Search Results

You are looking at 1 - 1 of 1 items for

  • Author or Editor: Julio A. Mercado x
  • Refine by Access: All Content x
Clear All Modify Search


Objective—To determine the minimum anesthetic concentration (MAC) of isoflurane in thick-billed parrots (Rhynchopsitta pachyrhyncha).

Animals—15 healthy thick-billed parrots.

Procedures—Anesthesia was induced and maintained with isoflurane in oxygen. In the first bird that was anesthetized, end-tidal isoflurane concentration was maintained at 1.0% for 15 minutes. After this period of anesthetic equilibration, an end-tidal gas sample was obtained for verification of isoflurane concentration. A toe was pinched to determine the bird's response to pain, and the bird was then allowed to recover from aesthesia. To determine MAC, a so-called up-and-down approach was subsequently used in all 15 birds. Compared with the isoflurane concentration used for MAC determination in the first bird, maintenance isoflurane concentration for the second bird was increased by approximately 10% if the first bird reacted and decreased by approximately 10% if the first bird did not react to a toe pinch. These steps were then followed until all 15 birds had been anesthetized. Crossover events occurred when birds in sequence had discordant results (ie, 1 reactor and 1 nonreactor). The MAC was defined as the mean of the isoflurane concentrations measured during these crossover events.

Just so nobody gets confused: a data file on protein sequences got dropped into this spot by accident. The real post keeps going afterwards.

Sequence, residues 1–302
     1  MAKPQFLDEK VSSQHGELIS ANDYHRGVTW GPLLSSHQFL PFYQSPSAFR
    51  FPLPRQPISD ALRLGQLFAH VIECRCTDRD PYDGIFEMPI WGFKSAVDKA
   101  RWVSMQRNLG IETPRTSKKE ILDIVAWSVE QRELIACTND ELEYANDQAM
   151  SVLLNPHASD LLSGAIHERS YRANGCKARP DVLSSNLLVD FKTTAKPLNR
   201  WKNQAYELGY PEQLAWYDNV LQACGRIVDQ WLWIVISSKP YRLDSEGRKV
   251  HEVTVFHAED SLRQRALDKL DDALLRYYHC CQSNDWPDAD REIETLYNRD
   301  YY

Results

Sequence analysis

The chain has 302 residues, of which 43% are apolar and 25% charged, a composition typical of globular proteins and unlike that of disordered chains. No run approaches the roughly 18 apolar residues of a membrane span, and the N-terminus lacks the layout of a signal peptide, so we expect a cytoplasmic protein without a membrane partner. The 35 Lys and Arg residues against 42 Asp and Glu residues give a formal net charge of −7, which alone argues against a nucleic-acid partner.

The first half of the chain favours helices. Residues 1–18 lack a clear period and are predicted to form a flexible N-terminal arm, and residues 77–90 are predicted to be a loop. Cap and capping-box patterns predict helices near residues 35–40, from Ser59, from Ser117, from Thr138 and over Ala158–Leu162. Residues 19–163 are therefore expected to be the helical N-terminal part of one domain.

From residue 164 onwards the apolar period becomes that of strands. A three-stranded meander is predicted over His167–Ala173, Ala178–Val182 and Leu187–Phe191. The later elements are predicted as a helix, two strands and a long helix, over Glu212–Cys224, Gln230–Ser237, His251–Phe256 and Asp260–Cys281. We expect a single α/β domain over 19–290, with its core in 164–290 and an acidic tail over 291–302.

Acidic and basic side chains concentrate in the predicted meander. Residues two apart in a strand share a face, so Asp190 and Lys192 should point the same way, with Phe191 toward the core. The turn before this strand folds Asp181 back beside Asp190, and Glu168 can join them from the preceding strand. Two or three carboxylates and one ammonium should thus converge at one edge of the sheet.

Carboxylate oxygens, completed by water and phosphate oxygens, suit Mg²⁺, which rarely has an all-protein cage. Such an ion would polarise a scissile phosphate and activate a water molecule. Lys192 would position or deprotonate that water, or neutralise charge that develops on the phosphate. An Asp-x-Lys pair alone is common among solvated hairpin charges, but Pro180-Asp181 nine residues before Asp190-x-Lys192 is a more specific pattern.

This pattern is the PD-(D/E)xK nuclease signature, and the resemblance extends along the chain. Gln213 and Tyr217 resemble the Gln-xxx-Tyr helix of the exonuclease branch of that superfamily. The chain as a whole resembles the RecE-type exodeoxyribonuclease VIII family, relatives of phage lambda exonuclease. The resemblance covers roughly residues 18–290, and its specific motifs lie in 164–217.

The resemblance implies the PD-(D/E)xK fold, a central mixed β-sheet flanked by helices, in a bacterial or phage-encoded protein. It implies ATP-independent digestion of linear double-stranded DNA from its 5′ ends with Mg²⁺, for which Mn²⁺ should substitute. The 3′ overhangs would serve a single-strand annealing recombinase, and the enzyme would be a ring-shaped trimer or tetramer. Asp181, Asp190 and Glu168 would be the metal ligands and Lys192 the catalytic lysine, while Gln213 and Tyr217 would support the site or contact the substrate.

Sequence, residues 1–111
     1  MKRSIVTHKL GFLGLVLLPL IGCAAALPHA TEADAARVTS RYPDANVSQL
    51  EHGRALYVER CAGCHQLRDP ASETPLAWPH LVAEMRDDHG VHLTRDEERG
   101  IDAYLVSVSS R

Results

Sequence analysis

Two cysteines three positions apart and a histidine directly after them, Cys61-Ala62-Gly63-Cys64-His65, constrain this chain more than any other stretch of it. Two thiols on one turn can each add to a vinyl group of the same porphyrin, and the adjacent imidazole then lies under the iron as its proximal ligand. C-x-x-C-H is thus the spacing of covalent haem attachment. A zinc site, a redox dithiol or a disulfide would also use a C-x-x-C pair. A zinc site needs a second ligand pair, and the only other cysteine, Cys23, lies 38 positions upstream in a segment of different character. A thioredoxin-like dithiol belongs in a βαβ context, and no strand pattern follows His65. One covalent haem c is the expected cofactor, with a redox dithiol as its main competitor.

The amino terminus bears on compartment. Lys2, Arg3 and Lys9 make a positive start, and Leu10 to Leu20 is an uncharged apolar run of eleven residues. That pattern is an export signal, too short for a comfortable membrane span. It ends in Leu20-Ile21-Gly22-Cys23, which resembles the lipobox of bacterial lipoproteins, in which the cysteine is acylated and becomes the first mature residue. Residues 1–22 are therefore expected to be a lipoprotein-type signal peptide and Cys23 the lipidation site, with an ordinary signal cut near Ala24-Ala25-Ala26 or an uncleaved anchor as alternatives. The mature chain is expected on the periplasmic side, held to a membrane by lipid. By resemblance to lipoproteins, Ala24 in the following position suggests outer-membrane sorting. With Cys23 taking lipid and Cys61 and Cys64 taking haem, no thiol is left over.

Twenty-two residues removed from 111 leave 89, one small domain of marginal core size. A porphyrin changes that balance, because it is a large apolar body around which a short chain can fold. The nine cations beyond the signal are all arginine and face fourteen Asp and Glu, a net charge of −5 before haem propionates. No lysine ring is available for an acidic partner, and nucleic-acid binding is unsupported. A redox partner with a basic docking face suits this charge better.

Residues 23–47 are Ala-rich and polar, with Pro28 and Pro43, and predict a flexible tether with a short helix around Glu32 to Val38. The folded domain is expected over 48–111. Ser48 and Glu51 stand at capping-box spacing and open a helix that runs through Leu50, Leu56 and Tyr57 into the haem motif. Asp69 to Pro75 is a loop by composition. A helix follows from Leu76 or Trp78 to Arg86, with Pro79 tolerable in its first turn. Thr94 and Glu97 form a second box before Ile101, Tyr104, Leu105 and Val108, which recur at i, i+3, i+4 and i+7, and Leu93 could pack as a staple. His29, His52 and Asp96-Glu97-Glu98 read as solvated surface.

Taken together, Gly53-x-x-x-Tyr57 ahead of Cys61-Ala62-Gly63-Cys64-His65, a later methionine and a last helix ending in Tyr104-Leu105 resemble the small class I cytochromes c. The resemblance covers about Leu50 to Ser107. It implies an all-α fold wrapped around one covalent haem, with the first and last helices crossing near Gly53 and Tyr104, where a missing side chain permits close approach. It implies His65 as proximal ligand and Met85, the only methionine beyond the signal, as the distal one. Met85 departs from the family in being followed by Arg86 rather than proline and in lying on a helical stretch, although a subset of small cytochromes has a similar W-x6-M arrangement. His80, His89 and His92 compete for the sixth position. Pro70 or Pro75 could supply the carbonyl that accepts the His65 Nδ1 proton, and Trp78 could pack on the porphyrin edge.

Results—Mean MAC of isoflurane in thick-billed parrots was estimated to be 1.07% (95% confidence interval, 0.97% to 1.16%).

Conclusions and Clinical Relevance—Isoflurane MAC appears to be lower in thick-billed parrots than the MAC determined for other bird species. Determination of the species-specific requirements of thick-billed parrots should allow isoflurane anesthesia to be performed more safely in this endangered species.

Full access
in American Journal of Veterinary Research